How can I effectively represent myself in court against a shoplifting charge?

Get Legal Help Today

 Secured with SHA-256 Encryption

How can I effectively represent myself in court against a shoplifting charge?

I activated and stole a $25 gift card from a store and was charged with theft. I can’t afford a lawyer and when I asked to get a court appointed attorney I got no reply. This is my first offense other than a few speeding/parking tickets (that have all been paid). My court date is in 2 days. How can I keep myself out of jail and get the minimum penalty?

Asked on July 30, 2011 Minnesota

Answers:

M.D., Member, California and New York Bar / FreeAdvice Contributing Attorney

Answered 9 years ago | Contributor

First of all, while technically you could go to jail, as a practical matter in a case such as this, that won't happen. That having been said, shoplifting is a criminal offense so you should have legal representation.  An experienced defense lawyer might be able to get the charge dismissed on a technicality.  

If that's not possible, you may be able to arrange for an alternative sentencing program, which in many states is known as "diversion". With such a program you plead guilty to the charge, receive probation, and if it's successfully completed the charge is withdrawn and the case dismissed.  Typically, your record is automatically cleared (although is some states you will have to have your arrest record "expunged; that means cleared). 

However, diversion is only allowed for a first offense.  This means that if you get into trouble again, it will not be available to you.  That's why if you get an attorney and they get your case dismissed, you will be eligible for diversion if you should need it in the future.

Note:  If money is an issue, if you can't get a PD appointed, check to see if there is a law school nearby to where you live; they typically run free/low cost clinics that handle these type cases.  You can also contact the local Bar Association in your county; they may have a list of attorneys who will take your case "pro bono" (for free) or at least for a reduced fee based on your income/circumstances.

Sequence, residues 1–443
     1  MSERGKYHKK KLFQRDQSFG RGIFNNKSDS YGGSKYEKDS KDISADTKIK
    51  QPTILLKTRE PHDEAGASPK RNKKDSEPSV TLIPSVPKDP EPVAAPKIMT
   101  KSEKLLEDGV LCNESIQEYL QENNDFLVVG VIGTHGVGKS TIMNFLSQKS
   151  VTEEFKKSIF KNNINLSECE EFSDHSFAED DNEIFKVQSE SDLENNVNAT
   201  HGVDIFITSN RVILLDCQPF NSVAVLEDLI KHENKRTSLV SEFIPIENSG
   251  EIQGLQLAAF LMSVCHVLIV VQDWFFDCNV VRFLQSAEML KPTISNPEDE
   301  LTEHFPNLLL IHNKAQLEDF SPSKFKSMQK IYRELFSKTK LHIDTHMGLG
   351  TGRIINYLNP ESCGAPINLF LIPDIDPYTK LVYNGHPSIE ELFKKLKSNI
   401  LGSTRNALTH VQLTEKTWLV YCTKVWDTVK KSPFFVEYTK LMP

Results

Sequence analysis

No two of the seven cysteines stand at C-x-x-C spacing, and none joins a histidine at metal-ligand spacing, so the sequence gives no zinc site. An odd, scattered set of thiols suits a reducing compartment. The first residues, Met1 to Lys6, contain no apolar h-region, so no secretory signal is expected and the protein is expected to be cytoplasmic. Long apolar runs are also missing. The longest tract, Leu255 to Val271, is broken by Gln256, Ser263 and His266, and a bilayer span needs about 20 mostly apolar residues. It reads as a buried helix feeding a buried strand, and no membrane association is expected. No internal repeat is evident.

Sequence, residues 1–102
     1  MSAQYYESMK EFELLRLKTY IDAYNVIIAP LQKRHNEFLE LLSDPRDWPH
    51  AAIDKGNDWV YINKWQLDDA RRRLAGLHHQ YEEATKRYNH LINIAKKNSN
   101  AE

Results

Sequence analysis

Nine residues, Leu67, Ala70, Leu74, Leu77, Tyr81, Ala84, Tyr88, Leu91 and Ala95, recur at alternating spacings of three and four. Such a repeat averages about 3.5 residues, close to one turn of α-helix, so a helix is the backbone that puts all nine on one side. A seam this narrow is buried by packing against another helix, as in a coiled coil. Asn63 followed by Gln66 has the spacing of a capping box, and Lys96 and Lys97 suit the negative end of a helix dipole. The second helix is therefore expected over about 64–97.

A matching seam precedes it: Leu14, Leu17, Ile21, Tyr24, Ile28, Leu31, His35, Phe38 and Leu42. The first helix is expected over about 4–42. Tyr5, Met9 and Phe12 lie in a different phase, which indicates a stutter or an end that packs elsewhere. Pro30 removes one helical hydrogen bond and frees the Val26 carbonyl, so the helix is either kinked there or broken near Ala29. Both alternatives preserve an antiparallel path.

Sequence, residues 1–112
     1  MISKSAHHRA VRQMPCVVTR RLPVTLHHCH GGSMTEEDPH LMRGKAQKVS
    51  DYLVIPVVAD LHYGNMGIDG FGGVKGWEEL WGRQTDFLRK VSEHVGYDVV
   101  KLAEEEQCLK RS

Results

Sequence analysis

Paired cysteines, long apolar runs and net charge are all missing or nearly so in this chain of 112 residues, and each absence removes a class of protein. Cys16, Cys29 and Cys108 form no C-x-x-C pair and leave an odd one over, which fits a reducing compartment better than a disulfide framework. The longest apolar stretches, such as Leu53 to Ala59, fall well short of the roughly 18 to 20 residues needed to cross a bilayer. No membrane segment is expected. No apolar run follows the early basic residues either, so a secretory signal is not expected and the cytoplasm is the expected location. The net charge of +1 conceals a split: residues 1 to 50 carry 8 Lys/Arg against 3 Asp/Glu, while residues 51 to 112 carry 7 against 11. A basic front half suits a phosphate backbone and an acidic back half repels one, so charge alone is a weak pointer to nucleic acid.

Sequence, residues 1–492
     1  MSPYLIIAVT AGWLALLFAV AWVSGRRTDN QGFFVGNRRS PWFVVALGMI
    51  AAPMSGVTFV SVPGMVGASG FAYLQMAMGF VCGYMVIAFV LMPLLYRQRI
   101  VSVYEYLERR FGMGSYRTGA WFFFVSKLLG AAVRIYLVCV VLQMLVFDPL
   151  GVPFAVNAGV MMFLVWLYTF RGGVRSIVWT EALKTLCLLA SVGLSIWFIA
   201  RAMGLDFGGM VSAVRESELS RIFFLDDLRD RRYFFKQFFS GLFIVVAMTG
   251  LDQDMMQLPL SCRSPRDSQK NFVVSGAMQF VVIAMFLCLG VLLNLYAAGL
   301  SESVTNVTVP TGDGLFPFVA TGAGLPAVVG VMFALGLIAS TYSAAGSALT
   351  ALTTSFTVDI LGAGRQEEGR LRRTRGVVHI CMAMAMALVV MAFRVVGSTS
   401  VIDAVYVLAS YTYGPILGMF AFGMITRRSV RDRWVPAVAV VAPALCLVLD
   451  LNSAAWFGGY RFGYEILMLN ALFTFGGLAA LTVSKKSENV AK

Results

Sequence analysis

M.D., Member, California and New York Bar / FreeAdvice Contributing Attorney

Answered 9 years ago | Contributor

First of all, while technically you could go to jail, as a practical matter in a case such as this, that won't happen. That having been said, shoplifting is a criminal offense so you should have legal representation.  An experienced defense lawyer might be able to get the charge dismissed on a technicality.  

If that's not possible, you may be able to arrange for an alternative sentencing program, which in many states is known as "diversion". With such a program you plead guilty to the charge, receive probation, and if it's successfully completed the charge is withdrawn and the case dismissed.  Typically, your record is automatically cleared (although is some states you will have to have your arrest record "expunged; that means cleared). 

However, diversion is only allowed for a first offense.  This means that if you get into trouble again, it will not be available to you.  That's why if you get an attorney and they get your case dismissed, you will be eligible for diversion if you should need it in the future.

Note:  If money is an issue, if you can't get a PD appointed, check to see if there is a law school nearby to where you live; they typically run free/low cost clinics that handle these type cases.  You can also contact the local Bar Association in your county; they may have a list of attorneys who will take your case "pro bono" (for free) or at least for a reduced fee based on your income/circumstances.


IMPORTANT NOTICE: The Answer(s) provided above are for general information only. The attorney providing the answer was not serving as the attorney for the person submitting the question or in any attorney-client relationship with such person. Laws may vary from state to state, and sometimes change. Tiny variations in the facts, or a fact not set forth in a question, often can change a legal outcome or an attorney's conclusion. Although AttorneyPages.com has verified the attorney was admitted to practice law in at least one jurisdiction, he or she may not be authorized to practice law in the jurisdiction referred to in the question, nor is he or she necessarily experienced in the area of the law involved. Unlike the information in the Answer(s) above, upon which you should NOT rely, for personal advice you can rely upon we suggest you retain an attorney to represent you.

Get Legal Help Today

Find the right lawyer for your legal issue.

 Secured with SHA-256 Encryption